We explore the influence of Big Five personality traits of self, an acquaintance and close other, on the complex understandings we develop of them and ourselves. Based on previous research, we hypothesized that among the three target groups, acquaintance would prove to show the lowest complexity when compared with self and close other. We conducted this study by distribution of the Big Five Personality 44-inventory to 212 participants and collected and computed results through statistic database. Our results showed that 4 of 5 of the traits (excluding Extraversion) showed higher cronbach’s alpha reliability for the acquaintance target condition. These results basically supports our hypothesis and proves it true.
Keywords: Complexity, Big Five Personality Traits, Self-other Descriptions
As humans we have interesting ways that we use to judge and perceive others. There is research that delves deeper into this, relating to the differences between representations of ourselves and others (Prentice, 1990). Research has shown familiarity of self and others can model as an explanation for the differences in observed understandings of the target groups (Prentice, 1990). However, it’s vital to also consider the use of our judgement of certain personality traits when these certain traits are presumably displayed, and also account for the level of complex understandings we hold of familiar and unfamiliar people. Studies such as (Beer, 2008) have researched this and predicted that correlations between traits will show in results to be stronger in rating of others than in ratings of self, especially when judges use ideas about personalities and lack trait relevant information. In their findings, they found that the correlation among traits depended on the type of target (self, familiar other, and unfamiliar other) that was being rated (Beer, 2008).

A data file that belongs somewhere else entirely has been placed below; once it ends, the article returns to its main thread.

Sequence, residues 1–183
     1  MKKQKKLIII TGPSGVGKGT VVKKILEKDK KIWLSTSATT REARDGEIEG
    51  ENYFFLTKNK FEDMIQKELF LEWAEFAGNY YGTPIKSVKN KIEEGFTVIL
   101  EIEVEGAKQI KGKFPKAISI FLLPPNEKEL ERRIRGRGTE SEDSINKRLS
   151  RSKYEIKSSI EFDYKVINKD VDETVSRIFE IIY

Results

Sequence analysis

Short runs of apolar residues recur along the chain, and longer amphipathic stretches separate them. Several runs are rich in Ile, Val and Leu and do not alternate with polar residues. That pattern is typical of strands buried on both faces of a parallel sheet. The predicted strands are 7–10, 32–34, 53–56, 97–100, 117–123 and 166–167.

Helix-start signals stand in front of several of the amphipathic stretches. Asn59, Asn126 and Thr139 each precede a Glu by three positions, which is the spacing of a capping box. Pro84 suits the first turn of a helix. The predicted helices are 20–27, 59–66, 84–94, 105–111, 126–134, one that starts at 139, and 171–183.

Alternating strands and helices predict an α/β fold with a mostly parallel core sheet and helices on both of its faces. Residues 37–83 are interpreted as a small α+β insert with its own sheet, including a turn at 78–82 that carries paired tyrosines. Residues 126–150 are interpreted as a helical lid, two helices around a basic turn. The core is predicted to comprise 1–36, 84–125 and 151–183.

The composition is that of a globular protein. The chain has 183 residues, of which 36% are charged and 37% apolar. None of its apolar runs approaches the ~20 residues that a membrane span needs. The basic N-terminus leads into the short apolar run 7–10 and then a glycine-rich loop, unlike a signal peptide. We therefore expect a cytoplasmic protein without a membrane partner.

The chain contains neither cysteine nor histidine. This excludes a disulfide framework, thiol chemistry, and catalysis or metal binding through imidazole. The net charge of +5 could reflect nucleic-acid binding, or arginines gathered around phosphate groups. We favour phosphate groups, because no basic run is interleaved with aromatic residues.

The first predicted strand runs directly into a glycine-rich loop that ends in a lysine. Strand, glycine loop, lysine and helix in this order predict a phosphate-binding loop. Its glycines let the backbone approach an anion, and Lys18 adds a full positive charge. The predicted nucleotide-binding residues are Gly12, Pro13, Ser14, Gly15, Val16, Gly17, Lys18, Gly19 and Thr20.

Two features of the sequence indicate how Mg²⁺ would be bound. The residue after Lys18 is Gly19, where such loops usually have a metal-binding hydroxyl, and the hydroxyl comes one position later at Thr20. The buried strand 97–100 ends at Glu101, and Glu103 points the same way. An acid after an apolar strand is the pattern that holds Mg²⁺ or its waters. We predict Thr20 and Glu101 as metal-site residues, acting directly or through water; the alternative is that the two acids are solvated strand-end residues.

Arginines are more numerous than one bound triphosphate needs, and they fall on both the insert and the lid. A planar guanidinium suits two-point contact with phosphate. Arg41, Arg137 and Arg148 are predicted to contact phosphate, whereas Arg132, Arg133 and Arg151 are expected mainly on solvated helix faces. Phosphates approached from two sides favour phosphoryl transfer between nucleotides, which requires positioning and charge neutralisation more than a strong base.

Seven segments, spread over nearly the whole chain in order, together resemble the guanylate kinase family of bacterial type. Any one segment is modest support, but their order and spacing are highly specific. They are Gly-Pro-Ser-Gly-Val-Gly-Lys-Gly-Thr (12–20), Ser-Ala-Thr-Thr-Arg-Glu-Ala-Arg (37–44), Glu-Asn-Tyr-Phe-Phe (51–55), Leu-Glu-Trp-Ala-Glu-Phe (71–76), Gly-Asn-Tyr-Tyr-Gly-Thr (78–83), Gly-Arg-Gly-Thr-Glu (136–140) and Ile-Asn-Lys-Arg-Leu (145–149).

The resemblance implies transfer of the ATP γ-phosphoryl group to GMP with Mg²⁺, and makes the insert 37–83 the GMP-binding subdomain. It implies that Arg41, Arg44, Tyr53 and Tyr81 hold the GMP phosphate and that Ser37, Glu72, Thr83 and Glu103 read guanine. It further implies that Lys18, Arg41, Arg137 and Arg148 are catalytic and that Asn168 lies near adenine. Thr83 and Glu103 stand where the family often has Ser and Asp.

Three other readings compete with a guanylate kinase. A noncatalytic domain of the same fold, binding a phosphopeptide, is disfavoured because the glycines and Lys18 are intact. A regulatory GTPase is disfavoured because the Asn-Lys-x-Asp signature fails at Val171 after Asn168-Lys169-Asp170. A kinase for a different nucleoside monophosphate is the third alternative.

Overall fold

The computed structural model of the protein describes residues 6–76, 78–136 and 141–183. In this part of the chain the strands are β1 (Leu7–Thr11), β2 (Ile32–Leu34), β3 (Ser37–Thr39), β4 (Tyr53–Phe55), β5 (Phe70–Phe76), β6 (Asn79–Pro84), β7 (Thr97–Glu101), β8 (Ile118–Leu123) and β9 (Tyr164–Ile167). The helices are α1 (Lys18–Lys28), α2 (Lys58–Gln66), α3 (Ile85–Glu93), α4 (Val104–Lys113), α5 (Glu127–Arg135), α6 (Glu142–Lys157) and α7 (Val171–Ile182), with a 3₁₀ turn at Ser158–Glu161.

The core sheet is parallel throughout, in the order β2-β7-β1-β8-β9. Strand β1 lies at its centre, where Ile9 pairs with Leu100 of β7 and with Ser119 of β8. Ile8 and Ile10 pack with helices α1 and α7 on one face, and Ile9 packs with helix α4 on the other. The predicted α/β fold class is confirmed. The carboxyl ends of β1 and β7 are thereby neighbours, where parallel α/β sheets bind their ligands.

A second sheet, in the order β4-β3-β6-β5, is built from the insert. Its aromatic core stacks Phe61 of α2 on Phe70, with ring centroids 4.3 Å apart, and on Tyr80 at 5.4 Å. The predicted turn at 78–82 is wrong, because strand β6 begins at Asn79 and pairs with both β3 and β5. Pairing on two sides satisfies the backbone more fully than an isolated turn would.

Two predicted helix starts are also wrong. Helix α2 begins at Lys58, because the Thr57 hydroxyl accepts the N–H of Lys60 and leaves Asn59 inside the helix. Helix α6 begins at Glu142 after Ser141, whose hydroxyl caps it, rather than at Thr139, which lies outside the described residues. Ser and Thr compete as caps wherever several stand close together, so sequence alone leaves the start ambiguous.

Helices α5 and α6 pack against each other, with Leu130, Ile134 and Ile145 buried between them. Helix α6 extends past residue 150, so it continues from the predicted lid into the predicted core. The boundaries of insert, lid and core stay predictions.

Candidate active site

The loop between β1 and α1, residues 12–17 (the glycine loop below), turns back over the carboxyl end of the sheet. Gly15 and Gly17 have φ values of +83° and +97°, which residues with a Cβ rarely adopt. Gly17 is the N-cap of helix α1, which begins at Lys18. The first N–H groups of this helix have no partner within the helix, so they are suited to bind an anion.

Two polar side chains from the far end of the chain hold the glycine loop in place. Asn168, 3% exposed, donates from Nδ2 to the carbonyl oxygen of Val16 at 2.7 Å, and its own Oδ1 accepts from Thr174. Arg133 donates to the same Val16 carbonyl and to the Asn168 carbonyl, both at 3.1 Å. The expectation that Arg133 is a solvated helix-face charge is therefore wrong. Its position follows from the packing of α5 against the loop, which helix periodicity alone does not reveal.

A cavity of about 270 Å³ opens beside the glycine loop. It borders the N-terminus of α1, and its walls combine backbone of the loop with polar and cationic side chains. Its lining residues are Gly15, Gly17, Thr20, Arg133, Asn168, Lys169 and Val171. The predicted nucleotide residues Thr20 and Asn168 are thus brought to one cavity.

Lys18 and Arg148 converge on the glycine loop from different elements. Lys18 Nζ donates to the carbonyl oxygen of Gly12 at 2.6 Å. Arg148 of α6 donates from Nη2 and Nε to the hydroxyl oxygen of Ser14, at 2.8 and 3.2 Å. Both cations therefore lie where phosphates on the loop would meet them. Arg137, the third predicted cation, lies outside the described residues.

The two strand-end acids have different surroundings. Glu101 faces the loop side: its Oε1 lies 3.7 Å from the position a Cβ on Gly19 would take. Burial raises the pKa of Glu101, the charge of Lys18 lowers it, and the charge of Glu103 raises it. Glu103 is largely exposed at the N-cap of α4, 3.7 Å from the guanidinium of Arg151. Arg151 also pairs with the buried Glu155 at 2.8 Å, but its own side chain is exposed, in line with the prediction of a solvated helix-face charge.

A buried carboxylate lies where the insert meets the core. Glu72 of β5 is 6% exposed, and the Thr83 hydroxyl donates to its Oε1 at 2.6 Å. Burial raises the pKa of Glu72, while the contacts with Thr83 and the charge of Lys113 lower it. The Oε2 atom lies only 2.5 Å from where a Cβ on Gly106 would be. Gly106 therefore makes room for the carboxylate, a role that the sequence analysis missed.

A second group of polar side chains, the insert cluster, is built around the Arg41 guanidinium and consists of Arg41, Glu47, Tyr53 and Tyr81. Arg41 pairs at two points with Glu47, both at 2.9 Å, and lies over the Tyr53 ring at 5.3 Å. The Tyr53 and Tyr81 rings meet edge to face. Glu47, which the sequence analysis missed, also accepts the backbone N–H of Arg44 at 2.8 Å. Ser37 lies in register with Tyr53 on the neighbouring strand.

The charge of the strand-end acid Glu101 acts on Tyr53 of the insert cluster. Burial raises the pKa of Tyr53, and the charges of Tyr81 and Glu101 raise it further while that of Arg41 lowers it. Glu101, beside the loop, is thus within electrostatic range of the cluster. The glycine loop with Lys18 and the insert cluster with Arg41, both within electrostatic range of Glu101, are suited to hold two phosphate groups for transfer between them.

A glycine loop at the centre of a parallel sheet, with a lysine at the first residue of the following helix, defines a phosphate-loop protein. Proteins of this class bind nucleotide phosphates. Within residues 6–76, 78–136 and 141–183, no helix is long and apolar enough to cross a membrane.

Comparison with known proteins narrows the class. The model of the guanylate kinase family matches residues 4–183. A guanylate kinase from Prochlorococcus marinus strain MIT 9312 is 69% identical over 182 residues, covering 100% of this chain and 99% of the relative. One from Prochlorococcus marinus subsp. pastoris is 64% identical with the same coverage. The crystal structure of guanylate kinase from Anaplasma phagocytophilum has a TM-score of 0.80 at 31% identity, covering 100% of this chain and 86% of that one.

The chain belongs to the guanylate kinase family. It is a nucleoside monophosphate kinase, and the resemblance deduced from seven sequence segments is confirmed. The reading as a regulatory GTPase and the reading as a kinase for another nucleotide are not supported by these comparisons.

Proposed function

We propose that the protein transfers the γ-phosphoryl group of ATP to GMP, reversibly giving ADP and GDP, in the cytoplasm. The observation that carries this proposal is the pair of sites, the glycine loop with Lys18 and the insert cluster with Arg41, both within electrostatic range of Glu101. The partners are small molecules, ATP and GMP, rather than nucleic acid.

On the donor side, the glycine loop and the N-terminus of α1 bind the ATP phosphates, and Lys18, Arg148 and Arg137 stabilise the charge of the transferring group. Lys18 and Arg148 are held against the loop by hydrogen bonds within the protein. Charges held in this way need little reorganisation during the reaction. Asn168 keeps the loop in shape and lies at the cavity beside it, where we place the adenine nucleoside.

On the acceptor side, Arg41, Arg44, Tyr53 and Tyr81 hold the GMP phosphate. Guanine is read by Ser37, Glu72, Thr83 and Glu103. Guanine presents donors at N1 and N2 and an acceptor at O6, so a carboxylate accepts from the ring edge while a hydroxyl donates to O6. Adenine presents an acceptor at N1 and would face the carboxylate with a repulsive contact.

In this study we will explore this previous research by means of replication to certain degree. We experiment on the complexity of the three targets; self, acquaintance, and close other, and determine which will demonstrate high or low complexity. We hypothesize that the complexity amongst all three target groups will be different. More specifically, we predict that of the 3 targets, acquaintance will receive the lowest complexity in comparison to the remaining two. With this being said, acquaintance is expected to have the highest Cronbach’s Alpha with each trait in the Big Five than self and close other. We also suspect that for acquaintance the correlations on average will be higher.
A questionnaire was distributed to a convenience sample of 212 participants. The sample consisted of 60 males and 72 females. The youngest age(s) recorded were 18 and the oldest age(s) recorded were 63 .
Big Five Inventory (John et al., 1990) The Big Five Inventory (BFI) is a 44-item inventory that uses adjective phrases structurally based on the Big Five personality traits known as Extraversion, Agreeableness, Neuroticism, Openness, and Conscientiousness (John, et al., 1990). Items on the test are answered using a scale ranging from 1-5, 1 representing “Strongly Disagree” and 5 representing “Strongly Agree”. The BFI Scale has a reliability alpha of (.83) and a standardized coefficient of (0.92) (John et al., 2010). BFI contains stem phrases like “I see myself as”, and is used in this study to measure complex understandings (complexity), by examining the traits each statement or question answered is associated with allowing us to observe them as descriptions for each target condition. Each participant was distributed a paper and was asked to answer the questionnaire, based on the 3 targets, which were self, an acquaintance and a close other. After the participants answered the questions, the papers were then collected and the data was organized into a statistics database, SPSS and then finally computed.